I have purchased an inexpensive wireless alert to tell me if anyone comes into the cockpit.  The system consists of a battery-operated infrared detector mounted in the cockpit, and a battery-operated alarm mounted on the bulkhead of the master stateroom.  The detector is mounted on the frame of the cockpit door so as to remain silent for items outside the cockpit …no alarm for rocking boat, etc.  It will go off if something comes over the cockpit coaming.

The cost is about  $18 from Harbor Freight, per the attached link.  It’s not as impressive as bars, and it only helps when you are on board, but it’s cheap and quickly installed.  Like bars, it gives you time to react.

We had stainless bars fabricated and installed in the Rio Dulce by The Shop (not sure they’re still around) after being robbed in Utila. The most important thing about safety bars is to consider how you will get OUT of the boat in the event of a fire.  Ours are individually locked with Abus locks which are keyed the same. The keys are positioned under each hatch in the floorboard level key fitting for the floorboards. For anyone wanting more information as well as several photos,  I’ve done a post on the Pros and Cons of hatch bars as well as a post on Details of Hatch Bars.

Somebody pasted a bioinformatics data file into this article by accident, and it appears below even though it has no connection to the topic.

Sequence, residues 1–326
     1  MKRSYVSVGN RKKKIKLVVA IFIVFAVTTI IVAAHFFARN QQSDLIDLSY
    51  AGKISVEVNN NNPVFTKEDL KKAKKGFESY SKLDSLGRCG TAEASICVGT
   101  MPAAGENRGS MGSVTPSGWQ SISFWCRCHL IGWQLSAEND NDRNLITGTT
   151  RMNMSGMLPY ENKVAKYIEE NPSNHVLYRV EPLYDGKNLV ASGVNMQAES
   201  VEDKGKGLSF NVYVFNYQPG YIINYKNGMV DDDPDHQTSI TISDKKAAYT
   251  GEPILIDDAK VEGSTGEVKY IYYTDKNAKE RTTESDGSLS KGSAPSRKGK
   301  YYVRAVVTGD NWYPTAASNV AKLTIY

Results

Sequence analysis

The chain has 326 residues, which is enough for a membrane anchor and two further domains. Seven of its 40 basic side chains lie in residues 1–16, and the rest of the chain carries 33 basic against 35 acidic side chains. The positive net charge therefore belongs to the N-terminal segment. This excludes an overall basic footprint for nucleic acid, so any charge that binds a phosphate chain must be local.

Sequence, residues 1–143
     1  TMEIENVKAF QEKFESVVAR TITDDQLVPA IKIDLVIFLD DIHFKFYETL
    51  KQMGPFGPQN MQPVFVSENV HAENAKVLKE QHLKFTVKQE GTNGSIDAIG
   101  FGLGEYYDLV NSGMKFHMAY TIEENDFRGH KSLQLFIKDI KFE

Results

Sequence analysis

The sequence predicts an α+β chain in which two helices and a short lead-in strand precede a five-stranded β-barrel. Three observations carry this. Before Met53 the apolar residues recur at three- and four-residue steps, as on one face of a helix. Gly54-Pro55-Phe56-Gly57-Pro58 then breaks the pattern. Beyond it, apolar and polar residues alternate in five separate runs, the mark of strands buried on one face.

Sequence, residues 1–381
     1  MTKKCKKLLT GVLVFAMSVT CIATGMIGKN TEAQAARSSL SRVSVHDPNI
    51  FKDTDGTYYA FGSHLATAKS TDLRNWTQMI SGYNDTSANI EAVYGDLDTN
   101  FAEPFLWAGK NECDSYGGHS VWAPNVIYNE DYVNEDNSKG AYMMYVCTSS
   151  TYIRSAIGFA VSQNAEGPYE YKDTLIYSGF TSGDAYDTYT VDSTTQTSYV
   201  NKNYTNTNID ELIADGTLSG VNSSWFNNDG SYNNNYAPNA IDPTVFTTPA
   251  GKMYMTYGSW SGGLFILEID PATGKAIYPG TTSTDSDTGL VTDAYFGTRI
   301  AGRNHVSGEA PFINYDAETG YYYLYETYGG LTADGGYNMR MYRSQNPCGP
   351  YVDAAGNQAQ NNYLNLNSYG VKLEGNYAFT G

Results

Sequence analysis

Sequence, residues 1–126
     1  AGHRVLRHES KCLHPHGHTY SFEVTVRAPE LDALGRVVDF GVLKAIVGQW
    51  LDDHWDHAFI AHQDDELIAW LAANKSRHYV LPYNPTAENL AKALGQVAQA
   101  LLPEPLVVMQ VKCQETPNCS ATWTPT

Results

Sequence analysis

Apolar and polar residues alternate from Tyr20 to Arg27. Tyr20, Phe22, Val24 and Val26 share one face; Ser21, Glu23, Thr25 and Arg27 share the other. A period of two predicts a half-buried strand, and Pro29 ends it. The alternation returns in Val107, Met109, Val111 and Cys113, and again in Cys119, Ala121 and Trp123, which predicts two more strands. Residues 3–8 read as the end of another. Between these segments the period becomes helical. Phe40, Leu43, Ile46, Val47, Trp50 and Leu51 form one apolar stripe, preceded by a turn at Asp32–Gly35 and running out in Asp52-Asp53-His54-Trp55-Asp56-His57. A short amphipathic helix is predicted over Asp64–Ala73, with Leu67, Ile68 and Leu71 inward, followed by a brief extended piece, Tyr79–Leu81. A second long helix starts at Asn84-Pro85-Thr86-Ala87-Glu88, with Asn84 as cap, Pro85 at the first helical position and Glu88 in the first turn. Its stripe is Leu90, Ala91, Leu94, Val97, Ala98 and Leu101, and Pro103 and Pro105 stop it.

You can find both of those posts here:

Pros and Cons of Bars On Hatches:

Details of Bars on Hatches:

Marmaris Bay Cruisers

Regardless of how many locks and security devices you keep aboard your boat, any boat can be broken into. The key to keeping your boat and her contents safe lies in making it so difficult and time-consuming for a thief that he/they give up and go elsewhere!

Keep in mind three factors that discourage thieves everywhere – time, noise, and visibility.